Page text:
Orfeo ed Euridice: Gluck under canvas

This year’s Blackwater Valley Opera Festival offering has plenty of energy but falls short on coherence

Orfeo ed Euridice

Lismore Castle, Co Waterford

It’s business as usual again at Blackwater Valley Opera Festival. Well, not quite. I haven’t been there since 2019, and there have been changes and improvements—a new, much less complicated entry route to Lismore Castle, improved seating in the marquee-covered performance space in the stables, and, in the director and choreographer David Bolger’s production of Gluck’s Orfeo ed Euridice, more people onstage than I’ve ever seen in a festival performance before.

Bolger uses the mostly black-clad chorus and dancers as a sea of emotion, movements flowing between bodies as if driven by an inexorable current, pain and grief the dominating concern. The singing of the youthful chorus is passionately engaged but uneven, sometimes simply ragged in delivery, and with single voices allowed to protrude from the mass as if individual singers have set off on solo runs.

Maree Kearns’s black set—boarded floor, boarded back wall with multiple ladders to create a second level—is the closest I’ve seen the festival come to opera-stage focus in the wide but shallow performance space. The funereal tone is slightly leavened by the addition of peasant brown, green and grey to some of the costumes; the whiteness brought by Euridice and the Blessed Spirits then makes them stand out as if they were otherworldly visions.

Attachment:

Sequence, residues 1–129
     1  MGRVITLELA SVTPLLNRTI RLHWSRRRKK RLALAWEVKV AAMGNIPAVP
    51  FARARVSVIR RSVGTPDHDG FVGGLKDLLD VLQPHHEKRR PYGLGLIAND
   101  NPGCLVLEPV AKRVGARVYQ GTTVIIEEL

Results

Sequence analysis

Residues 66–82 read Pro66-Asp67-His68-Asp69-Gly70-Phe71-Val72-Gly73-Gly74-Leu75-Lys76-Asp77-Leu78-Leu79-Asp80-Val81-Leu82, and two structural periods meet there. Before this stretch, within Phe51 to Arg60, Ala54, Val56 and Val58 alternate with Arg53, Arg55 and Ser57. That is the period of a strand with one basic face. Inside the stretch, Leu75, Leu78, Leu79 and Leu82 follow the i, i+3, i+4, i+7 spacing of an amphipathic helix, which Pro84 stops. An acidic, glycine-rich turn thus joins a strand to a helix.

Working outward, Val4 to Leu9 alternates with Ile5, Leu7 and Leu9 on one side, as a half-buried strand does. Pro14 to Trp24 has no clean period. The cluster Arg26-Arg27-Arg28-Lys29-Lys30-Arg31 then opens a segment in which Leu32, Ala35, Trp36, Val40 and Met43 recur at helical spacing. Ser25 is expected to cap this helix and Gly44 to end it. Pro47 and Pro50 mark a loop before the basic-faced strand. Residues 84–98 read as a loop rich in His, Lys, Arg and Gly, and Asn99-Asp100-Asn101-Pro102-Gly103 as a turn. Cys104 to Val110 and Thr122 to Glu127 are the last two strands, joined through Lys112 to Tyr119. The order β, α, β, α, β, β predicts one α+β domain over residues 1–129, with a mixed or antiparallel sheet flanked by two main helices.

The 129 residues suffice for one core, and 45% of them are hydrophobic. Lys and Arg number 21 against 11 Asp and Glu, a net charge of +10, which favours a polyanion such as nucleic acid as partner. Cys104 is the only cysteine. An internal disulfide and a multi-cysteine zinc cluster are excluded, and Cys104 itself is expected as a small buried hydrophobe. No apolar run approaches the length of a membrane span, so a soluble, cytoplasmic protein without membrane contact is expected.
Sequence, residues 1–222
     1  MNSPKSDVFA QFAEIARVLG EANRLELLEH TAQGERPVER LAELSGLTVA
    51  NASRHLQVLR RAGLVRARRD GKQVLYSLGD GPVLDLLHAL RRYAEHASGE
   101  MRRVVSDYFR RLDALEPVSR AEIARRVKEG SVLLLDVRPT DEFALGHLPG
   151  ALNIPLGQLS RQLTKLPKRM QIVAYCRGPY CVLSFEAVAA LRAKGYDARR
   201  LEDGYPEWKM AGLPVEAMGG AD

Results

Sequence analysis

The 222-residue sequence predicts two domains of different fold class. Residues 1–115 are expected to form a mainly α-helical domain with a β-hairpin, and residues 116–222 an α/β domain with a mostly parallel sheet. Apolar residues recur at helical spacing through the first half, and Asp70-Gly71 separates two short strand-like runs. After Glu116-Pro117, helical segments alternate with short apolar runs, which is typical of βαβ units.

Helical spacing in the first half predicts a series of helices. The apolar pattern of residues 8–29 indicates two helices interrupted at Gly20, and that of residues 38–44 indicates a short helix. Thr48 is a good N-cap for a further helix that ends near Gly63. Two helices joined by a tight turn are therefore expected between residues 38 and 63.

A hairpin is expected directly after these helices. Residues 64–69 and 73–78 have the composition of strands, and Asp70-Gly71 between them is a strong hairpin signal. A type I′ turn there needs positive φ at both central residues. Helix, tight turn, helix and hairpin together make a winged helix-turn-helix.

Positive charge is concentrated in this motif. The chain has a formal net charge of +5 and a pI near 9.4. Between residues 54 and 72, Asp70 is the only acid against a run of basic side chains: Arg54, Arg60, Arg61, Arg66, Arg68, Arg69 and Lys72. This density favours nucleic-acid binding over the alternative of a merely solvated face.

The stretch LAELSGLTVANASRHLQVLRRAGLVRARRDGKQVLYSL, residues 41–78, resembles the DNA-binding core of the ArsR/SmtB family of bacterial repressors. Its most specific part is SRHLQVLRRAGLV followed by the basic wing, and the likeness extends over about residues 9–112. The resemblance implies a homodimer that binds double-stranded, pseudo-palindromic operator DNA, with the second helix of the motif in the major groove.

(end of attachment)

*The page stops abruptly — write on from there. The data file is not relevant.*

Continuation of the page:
The Chinese countertenor Meili Li makes his Irish and role debut as Orfeo with arresting vocal tone and striking presence, the sound on high and under pressure completely devoid of the sense of artifice of so many countertenor voices. The urgency and immediacy are counterparted by a skill in intimate, honed-down moments, delivered almost like asides.


The difficulty is in the transition between the two, and in sustaining the vibrancy of the high notes lower in the range, even within single phrases. So, for all the impressiveness of the display, there is little sense of carefully graded nuance, as his delivery seems to slot into preordained grooves.

The arrival of Aoife Gibney’s Euridice—highly articulate, varied in inflection and more detailed in emotional communication—brings a level of focused expressiveness that Meili Li lacks. The cast is completed by Kelli-Ann Masterson’s flighty Amor, got out like someone who has strayed out of a disco running a dress competition.

Peter Whelan conducts the Irish Barqoue Orchestra with typical brio but, with the players located under a separate roof, doesn’t always manage to connect orchestra and voices as you would expect.

Runs as part of Blackwater Valley Opera Festival until Monday, June 6th

Michael Dervan

Michael Dervan

Michael Dervan is a music critic and Irish Times contributor